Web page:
The disaster, though, was bigger than a single community.

Flooding and lightning claimed four lives. By the end of June 2008, former Gov. Chet Culver had named 86 of Iowa's 99 counties disaster areas and had activated more then 4,000 members of the Iowa National Guard. By August, 80 of Iowa's 99 counties were included in a federal disaster declaration.

An estimated 1,500 miles of roads and 400 miles of railroad tracks were affected. Dozens of bridges washed out, and barge traffic on the Mississippi River shut down.

The list of communities hit hard read like the directory on the Iowa Department of Transportation map. During the peak of the flooding, officials estimated 40,000 Iowans representing 30 cities had evacuated their homes.

Cause and effect

The National Weather Service later identified key contributing factors that resulted in the historic flooding:

The depth of snow for mid-February was much above normal.

Above normal precipitation in April.

River levels much above normal in April.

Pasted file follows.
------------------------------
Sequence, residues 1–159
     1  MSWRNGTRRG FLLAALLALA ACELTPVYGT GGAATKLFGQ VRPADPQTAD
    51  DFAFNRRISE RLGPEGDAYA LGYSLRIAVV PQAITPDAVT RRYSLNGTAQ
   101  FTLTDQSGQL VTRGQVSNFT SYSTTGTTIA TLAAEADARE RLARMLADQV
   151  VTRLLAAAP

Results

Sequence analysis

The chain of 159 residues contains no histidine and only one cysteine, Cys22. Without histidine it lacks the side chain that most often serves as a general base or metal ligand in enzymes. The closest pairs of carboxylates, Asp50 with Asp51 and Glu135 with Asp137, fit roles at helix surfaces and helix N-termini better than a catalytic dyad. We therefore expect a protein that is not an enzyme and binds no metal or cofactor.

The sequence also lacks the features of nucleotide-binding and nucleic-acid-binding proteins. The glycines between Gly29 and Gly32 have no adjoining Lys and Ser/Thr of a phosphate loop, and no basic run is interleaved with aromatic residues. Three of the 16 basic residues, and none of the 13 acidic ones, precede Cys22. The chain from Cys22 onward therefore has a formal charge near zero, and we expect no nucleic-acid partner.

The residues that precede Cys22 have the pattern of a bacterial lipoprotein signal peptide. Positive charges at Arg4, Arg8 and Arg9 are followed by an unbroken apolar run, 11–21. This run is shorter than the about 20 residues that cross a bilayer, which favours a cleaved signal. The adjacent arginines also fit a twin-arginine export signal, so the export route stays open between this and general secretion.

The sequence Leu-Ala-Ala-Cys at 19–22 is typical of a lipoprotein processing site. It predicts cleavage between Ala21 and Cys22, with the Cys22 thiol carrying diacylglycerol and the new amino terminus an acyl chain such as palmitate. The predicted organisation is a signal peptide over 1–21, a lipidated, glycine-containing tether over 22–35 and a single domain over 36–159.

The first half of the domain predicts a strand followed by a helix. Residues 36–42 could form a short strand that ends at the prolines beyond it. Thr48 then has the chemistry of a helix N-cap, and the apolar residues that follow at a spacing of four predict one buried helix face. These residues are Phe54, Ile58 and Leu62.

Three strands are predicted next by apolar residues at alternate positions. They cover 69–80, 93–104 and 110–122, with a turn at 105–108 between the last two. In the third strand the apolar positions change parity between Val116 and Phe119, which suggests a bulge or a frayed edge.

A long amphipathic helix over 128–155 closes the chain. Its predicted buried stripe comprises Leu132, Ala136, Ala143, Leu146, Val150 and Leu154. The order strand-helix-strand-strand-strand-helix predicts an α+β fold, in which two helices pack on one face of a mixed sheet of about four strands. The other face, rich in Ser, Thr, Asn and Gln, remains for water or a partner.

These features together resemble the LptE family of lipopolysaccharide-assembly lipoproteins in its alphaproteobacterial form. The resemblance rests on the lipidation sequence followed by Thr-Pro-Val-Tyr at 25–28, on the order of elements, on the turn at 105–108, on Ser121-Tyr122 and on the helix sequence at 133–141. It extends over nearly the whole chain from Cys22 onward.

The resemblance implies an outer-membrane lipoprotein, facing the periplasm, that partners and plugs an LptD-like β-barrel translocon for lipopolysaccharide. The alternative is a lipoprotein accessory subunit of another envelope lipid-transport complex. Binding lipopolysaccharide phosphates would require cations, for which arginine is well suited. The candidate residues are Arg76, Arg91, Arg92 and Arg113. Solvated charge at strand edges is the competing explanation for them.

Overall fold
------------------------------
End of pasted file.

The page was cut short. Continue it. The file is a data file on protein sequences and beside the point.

Soil moisture was much above normal in May.

Repeated rounds of heavy rain in first two weeks of June.

State Climatologist Harry Hillaker in his year in review for 2008 noted specifics that contributed to later high water levels.

"An exceptionally wet 15-day period from May 29 to June 12 brought a statewide average of 9.03 inches of rain," he wrote in his report.

The normal amount is 2.45 inches for the period.

"This was probably the wettest 15 days in state history and followed six months of unusually cold weather and an extended period of excessive precipitation dating back to August 2007," according to Hillaker's report.